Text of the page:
Shows & Panels
Shows & Panels
- The 2014 Big Picture on Cyber Security
- AFCEA Answers
- American Readiness: Renewable Power and Efficiency Technologies
- Ask the CIO
- Building the Hybrid Cloud
- Connected Government: How to Build and Procure Network Services for the Future
- Continuing Diagnostics and Mitigation: Discussion of Progress and Next Steps
- Delivering the Digital Government Mission
- Federal Executive Forum
- Federal News Radio's National Cyber Security Awareness Month Special Panel Discussion
- Federal Tech Talk
- The Future of Government Data Centers
- The Future of IT: How CIOs Can Enable the Service-Oriented Enterprise
- Government Perspectives on Mobility and the Cloud
- The Intersection: Where Technology Meets Transformation
- Maximizing ROI Through Data Center Consolidation
- Mitigating Insider Threats in Virtual & Cloud Environments
- Modern Mission Critical Series
- The New Generation of Database
- Reimagining the Next Generation of Government
- Targeting Advanced Threats: Proven Methods from Detection through Remediation
- Transformative Technology: Desktop Virtualization in Government
- The Truth About IT Opex and Software Defined Networking
- Air Traffic Management Transformation Report
- Cloud First Report
- General Dynamics IT Enterprise Center
- Gov Cloud Minute
- Government in Technology Series
- Homeland Security Cybersecurity Market Report
- National Cybersecurity Awareness Month
- Technology Insights
- The Cyber Security Report
- The Next Generation Cyber Security Experts
Shows & Panels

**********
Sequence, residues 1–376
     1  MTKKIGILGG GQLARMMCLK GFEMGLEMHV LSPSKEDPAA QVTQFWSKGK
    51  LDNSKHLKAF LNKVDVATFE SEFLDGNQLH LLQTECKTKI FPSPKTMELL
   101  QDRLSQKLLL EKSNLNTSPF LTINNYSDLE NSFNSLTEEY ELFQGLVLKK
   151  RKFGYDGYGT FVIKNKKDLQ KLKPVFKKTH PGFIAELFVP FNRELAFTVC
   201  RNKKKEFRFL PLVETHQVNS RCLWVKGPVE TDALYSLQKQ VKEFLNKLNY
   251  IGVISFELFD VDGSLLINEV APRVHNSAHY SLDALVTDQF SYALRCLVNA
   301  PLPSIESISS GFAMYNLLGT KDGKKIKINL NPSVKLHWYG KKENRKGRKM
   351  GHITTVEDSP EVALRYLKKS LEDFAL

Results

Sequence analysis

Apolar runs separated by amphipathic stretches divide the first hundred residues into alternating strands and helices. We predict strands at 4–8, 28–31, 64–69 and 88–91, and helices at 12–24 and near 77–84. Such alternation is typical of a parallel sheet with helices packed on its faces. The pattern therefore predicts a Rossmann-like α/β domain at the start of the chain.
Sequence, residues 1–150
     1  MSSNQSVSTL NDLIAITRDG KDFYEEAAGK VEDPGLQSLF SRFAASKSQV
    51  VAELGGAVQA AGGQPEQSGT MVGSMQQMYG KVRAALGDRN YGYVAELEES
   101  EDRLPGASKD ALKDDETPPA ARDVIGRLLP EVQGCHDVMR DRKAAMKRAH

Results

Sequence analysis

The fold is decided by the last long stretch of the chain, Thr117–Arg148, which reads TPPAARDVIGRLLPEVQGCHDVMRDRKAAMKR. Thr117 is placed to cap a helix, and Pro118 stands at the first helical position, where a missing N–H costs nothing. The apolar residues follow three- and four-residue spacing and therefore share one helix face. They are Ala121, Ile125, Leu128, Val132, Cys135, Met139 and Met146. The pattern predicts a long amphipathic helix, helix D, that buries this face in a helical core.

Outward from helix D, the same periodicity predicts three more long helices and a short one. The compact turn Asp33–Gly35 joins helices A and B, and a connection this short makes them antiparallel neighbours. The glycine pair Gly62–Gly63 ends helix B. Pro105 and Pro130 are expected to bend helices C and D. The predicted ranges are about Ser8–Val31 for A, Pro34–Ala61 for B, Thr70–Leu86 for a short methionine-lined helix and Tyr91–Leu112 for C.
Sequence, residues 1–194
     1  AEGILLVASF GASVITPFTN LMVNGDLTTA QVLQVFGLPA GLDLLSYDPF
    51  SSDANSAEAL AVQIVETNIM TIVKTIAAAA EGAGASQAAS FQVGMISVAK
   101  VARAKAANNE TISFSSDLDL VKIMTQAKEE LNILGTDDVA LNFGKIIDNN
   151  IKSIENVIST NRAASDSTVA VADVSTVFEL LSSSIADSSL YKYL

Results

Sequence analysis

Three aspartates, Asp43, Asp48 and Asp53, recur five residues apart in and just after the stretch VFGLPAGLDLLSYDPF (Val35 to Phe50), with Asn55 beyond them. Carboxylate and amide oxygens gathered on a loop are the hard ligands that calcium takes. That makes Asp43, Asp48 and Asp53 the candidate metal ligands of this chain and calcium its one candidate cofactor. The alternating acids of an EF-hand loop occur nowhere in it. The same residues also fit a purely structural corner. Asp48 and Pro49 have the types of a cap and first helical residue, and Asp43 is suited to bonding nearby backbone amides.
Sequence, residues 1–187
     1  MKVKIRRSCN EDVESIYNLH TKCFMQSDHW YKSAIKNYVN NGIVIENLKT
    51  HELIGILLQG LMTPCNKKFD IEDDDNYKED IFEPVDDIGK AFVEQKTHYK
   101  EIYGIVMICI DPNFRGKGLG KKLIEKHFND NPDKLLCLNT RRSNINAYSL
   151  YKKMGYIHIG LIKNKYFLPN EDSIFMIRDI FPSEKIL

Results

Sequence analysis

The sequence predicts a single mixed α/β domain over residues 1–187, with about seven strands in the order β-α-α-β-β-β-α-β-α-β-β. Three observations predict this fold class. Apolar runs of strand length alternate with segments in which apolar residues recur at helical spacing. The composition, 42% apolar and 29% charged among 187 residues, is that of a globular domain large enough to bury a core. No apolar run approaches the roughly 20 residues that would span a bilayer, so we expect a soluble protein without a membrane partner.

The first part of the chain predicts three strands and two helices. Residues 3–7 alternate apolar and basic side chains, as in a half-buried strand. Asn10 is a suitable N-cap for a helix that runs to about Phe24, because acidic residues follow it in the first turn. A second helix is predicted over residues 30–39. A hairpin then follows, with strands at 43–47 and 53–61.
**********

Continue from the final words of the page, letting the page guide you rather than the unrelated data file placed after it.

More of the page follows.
Search Tags: retirement
For today's column, Senior Correspondent Mike Causey suggests you check on your nest egg, get your affairs in order and pack some extra sunblock.
Do you dive headfirst into cold water? Maybe you prefer to ease into it. If so, you might feel the same way about retirement. For those "easing in" kind of feds, Senior Correspondent Mike Causey suggests you consider phased retirement.
We discuss the stumbling blocks that can sabotage your best intentions to earn what you're worth, save adequately and spend responsibly.
The Office of Personnel Management received about 1,300 more retirement claims than it expected in August. Even so, the agency was able to cut its claims backlog by 500. It is processing an increasing share of claims, 78.5 percent, within 60 days.
All Thrift Savings Plan domestic funds recorded gains in August. In the most dramatic comeback, the S Fund ended August 4.98 percent higher than it began.
The biggest number ever for federal employees saving for the future is in. More than ever are saving in the Thrift Savings Plan. Kim Weaver is Director of External Affairs the Federal Retirement Thrift Investment Board. On In Depth with Francis Rose, she said the results make the people who run the TSP really happy.
Are you going to have to work three, four or five years longer than you expected to ensure that you'll retire with coverage from the federal employee health program? Senior Correspondent Mike Causey explains some of the ramifications of the "five-year rule."
The new phased retirement plan is becoming part of the landscape at agencies across government. Just about every agency can offer it. But just because your agency offers phased retirement doesn't mean you automatically qualify. Tammy Flanagan is Senior Benefits Director for the National Institute of Transition Planning. On In Depth with Francis Rose, she answered questions from federal employees across the government on how to make phased retirement work best.
At its monthly board meeting Thursday in Washington, the Federal Retirement Thrift Investment Board (FRTIB) announced that 87.5 percent of FERS employees are actively contributing to their TSP accounts. The percentage just surpasses the previous record high of 87.4 percent in January 2003. Although participation is increasing, a lower percentage of participants are contributing full match to their TSP accounts.
Thanks to a slight dip in July living costs, the tentative inflation-catch up for millions of retired Americans now stands at 1.8 percent. But, feds have two more months to endure before they know what their cost of living adjustment will be next January, says Senior Correspondent Mike Causey.